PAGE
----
# What's the difference between "≡" and "≣"?

What's the difference between "≡" ("identical to") and "≣" ("strictly equivalent to")?

"Strictly equivalent to" ("≣") is UTF character 2263, classified in the Mathematical Operators block.

• I never heard of "≣" ("strictly equivalent to"). Where did it occur? Commented May 20, 2018 at 3:36
• Ditto. Never heard of the four-bar version. Unless it means you have a good Wi-Fi signal. Commented May 20, 2018 at 3:37
• @martycohen It's UTF character 2263. See the link I added to my answer. Commented May 20, 2018 at 3:46
• this looks more like a Unicode question, rather than a math question. might be the unicode people had a slot for a character in which they didn't know what to put, or had some leftover bars to dispose of. Commented May 20, 2018 at 3:51
• $\equiv$ and similar variations are a generic symbols used to notate an equivalence relation. $=$ is the specific equivalence relation "equals" that we are used to with sets and natural numbers and by extension is also the symbol used for equality of rational, real, complex numbers etc... For more information on the definition of a specific equivalence relation, you will need to provide information about that specific equivalence relation. There are too many to provide the definitions of every one. Commented May 20, 2018 at 3:52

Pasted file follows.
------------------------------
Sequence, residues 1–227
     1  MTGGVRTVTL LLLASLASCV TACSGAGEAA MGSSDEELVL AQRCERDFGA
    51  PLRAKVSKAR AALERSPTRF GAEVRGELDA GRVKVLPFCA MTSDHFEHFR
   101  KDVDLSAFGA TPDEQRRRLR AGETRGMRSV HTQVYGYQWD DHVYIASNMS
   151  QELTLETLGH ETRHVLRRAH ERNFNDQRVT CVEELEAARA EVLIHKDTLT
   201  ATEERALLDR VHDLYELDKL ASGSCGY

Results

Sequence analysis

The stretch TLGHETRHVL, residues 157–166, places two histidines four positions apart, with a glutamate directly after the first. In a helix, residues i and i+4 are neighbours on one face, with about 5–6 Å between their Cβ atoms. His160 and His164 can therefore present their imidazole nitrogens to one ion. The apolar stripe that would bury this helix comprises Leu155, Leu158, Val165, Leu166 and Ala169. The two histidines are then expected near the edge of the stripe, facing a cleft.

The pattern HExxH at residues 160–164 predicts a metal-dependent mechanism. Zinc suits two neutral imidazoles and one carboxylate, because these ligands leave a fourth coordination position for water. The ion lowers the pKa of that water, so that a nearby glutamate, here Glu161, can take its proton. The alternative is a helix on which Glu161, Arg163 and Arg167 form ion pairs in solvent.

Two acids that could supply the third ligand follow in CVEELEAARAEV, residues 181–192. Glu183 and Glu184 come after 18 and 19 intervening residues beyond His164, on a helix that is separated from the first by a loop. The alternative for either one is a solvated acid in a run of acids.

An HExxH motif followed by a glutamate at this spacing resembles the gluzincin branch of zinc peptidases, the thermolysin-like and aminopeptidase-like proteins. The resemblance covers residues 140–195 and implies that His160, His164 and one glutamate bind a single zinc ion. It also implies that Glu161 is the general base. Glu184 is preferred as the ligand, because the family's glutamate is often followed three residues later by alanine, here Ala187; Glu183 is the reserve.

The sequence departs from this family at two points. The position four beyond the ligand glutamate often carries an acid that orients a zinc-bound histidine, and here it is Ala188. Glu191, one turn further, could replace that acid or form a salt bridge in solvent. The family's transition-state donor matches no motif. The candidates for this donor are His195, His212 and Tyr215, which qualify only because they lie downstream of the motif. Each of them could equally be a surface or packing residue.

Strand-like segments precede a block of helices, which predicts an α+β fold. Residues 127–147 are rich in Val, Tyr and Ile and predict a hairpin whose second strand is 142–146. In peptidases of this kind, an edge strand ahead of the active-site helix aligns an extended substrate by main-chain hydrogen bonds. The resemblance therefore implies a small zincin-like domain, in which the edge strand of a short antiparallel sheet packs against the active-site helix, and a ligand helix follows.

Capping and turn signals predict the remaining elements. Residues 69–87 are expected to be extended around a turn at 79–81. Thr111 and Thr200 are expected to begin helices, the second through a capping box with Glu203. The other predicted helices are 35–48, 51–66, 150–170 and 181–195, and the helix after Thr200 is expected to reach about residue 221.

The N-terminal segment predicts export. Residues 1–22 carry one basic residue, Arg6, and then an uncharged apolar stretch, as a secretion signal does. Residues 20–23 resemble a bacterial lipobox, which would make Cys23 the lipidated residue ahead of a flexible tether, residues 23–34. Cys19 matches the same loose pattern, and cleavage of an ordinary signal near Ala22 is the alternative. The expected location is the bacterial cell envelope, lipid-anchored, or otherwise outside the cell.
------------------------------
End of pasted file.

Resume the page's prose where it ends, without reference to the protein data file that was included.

## 1 Answer

Let's say you have two expressions $X$ and $Y$. A way of expressing that they are equivalent, or equal to each other by definition, is as follows: $$X\equiv Y.\tag1$$ However, the symbol $\equiv$ also denotes congruence, e.g. $p^2\equiv 1\pmod 6$, so using the symbol for two different circumstances can cause some confusion. Thus, to denote $(1)$, some write that $$X:= Y\quad\text{ or }\quad X\triangleq Y\quad\text{ or }\quad X\stackrel{\text{def}}{=} Y.$$ But, there is also another (but less common) variation, namely, $$X\operatorname*{\equiv}\limits^{\underline{ \ \ \ }}Y\quad\text{ or with a different typeset, }\quad X\,\require{HTML} \style{display: inline-block; transform: rotate(90deg)}{\shortparallel\shortparallel}Y.$$ The "quadruple bar" is not used to denote congruence.

This post might serve useful.

• I noticed too, this “strictly equivalent” symbol (≣). Please, can you tell more about it? Commented Apr 29, 2020 at 14:02
• @Hibou57 Another related Math.SE post is over here (see Doug Spoonwood's answer) which discusses about notating "equality" in propositional logic. But I first came across this "quadruple" bar on a PDF which, in hindsight, I should have attached to my answer. There's nothing too significant about it though, apart from its rare use, albeit having a somewhat intuitive meaning (to me at least). Commented Apr 30, 2020 at 12:34